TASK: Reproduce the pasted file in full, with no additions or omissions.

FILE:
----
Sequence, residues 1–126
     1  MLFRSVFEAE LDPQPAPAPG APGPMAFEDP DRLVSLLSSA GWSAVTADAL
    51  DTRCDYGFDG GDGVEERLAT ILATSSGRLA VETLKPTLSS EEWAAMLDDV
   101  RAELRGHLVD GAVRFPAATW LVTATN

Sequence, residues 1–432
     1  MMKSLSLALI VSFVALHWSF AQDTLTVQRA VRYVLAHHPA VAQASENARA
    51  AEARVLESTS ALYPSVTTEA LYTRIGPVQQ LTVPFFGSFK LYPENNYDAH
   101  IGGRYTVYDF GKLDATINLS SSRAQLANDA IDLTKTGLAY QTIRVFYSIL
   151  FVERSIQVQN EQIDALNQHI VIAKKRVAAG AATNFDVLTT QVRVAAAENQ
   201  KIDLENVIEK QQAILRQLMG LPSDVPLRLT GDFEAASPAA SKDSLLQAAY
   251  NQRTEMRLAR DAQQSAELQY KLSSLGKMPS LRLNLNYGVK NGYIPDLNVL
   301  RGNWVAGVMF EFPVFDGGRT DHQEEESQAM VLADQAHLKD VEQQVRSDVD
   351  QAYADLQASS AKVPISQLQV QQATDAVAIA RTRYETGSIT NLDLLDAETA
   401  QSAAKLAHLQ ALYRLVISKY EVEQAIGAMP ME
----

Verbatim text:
Sequence, residues 1–126
     1  MLFRSVFEAE LDPQPAPAPG APGPMAFEDP DRLVSLLSSA GWSAVTADAL
    51  DTRCDYGFDG GDGVEERLAT ILATSSGRLA VETLKPTLSS EEWAAMLDDV
   101  RAELRGHLVD GAVRFPAATW LVTATN

Sequence, residues 1–432
     1  MMKSLSLALI VSFVALHWSF AQDTLTVQRA VRYVLAHHPA VAQASENARA
    51  AEARVLESTS ALYPSVTTEA LYTRIGPVQQ LTVPFFGSFK LYPENNYDAH
   101  IGGRYTVYDF GKLDATINLS SSRAQLANDA IDLTKTGLAY QTIRVFYSIL
   151  FVERSIQVQN EQIDALNQHI VIAKKRVAAG AATNFDVLTT QVRVAAAENQ
   201  KIDLENVIEK QQAILRQLMG LPSDVPLRLT GDFEAASPAA SKDSLLQAAY
   251  NQRTEMRLAR DAQQSAELQY KLSSLGKMPS LRLNLNYGVK NGYIPDLNVL
   301  RGNWVAGVMF EFPVFDGGRT DHQEEESQAM VLADQAHLKD VEQQVRSDVD
   351  QAYADLQASS AKVPISQLQV QQATDAVAIA RTRYETGSIT NLDLLDAETA
   401  QSAAKLAHLQ ALYRLVISKY EVEQAIGAMP ME